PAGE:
Sam Rockwell and Woody Harrelson

From Venice to Toronto to the Hollywood Foreign Press, “Three Billboards from Ebbing, Missouri” has been wowing audiences and critics. Actually, if the Screen Actors Guild is any indication, the Ozark-set dramedy may score three acting Oscar contenders — Golden Globe winners Frances McDormand and Sam Rockwell, as well as Woody Harrelson. It’s a rare sign of strength.

The veteran character actors starred together in McDonagh’s raucous comedy “Seven Psychopaths.” This time out, uncharacteristically, two-time Oscar nominee Harrelson (“The People vs. Larry Flynt,” “The Messenger”) is the straight man of the piece as empathetic cancer-ridden Sheriff Willoughby,
See full article at Thompson on Hollywood »

10 Things You Didn’t Know about “Bang the Drum Slowly”

Bang the Drum Slowly” was released in 1973. It is a well-known American sports drama that was directed by John D. Hancock. In this film, the star of the show is a baseball player who has a terminal illness and limited intellect, and his more skilled, smarter teammate takes a keen and impactful interest in his life. It is a film adaptation of a baseball novel from 1956 written by Mark Harris. While the film was watched, and is still watched today, there are certain bits of information that are surprising to some fans. Here you can learn 10 interesting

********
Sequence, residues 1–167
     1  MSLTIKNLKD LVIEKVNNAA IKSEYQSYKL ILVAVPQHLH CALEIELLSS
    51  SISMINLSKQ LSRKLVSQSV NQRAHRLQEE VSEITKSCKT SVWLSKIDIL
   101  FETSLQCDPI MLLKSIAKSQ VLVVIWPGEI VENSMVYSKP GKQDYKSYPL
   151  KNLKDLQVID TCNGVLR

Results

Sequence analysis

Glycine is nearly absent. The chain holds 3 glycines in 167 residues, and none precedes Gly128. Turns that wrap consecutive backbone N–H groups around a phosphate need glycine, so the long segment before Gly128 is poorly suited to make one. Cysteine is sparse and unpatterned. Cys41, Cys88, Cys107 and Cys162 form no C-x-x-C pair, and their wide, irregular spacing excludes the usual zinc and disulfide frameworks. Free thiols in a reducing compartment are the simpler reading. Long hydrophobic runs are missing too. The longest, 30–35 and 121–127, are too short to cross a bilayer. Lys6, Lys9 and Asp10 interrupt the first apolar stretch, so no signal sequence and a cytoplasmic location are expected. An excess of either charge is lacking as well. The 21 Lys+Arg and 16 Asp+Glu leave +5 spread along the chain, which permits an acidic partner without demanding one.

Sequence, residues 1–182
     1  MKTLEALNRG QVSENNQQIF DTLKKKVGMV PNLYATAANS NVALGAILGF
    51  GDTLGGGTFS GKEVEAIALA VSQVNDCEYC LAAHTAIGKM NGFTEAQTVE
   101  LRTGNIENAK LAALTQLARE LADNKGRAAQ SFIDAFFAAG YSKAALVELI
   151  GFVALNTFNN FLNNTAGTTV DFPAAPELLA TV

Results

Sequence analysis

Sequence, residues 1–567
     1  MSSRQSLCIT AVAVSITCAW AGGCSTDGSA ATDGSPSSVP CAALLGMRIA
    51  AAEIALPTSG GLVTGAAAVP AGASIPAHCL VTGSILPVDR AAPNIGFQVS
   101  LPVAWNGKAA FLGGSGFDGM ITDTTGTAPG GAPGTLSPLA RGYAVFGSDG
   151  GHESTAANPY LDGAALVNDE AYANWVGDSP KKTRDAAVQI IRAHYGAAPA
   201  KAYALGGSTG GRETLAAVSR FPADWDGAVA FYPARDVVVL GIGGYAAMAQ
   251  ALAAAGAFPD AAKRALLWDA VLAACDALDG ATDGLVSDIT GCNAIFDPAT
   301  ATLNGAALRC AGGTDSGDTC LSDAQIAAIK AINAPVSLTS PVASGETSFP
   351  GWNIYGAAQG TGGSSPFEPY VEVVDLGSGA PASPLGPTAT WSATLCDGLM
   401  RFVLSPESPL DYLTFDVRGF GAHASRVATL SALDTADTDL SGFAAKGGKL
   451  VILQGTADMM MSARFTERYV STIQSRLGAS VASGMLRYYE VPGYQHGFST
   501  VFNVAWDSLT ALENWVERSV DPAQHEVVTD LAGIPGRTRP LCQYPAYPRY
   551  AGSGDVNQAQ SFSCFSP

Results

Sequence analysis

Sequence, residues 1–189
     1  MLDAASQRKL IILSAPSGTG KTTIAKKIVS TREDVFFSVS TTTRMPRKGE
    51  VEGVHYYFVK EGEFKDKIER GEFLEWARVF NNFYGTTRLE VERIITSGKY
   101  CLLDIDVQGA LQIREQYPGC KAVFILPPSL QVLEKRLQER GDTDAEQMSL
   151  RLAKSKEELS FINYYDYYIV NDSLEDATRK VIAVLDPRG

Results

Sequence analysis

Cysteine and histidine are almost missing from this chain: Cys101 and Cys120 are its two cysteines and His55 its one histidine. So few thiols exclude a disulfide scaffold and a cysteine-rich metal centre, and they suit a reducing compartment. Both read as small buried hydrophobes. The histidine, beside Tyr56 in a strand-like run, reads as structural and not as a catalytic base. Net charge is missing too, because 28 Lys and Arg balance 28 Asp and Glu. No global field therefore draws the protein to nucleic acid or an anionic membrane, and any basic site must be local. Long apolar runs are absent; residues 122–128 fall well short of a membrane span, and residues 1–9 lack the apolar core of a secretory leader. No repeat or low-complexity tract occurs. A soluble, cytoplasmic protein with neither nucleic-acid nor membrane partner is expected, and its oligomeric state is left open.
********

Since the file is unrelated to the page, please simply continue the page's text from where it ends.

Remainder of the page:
10 Things You Didn’t Know about “Bang the Drum Slowly
See full article at TVovermind.com »

Drive-In Dust Offs: The Baby (1973)

Only in the ‘70s, man, only in the ‘70s. Long before PC culture invaded popular entertainment, movies were the haven of the taboo, a safe house for ideas two steps from the norm. Now, many of these films of perversion were relegated to grindhouse theatres and the third feature of a Dusk Til Dawn showing at your local Drive-In. But occasionally a film will crawl towards the mainstream and plop itself down, bawling for attention. The Baby (1973) is one such film, so twisted in conception that it’s hard to believe it would be released in any decade. Except the ‘70s of course, where you could even get the director of a Dirty Harry and a Planet of the Apes flick to helm it.

Distributed by Scotia International in March, The Baby was given a limited theatrical release; and that’s really for the best – as much as the film
See full article at DailyDead »

Why 'Slap Shot' Captures the 1970s Better Than Any Other Sports Movie

Why 'Slap Shot' Captures the 1970s Better Than Any Other Sports Movie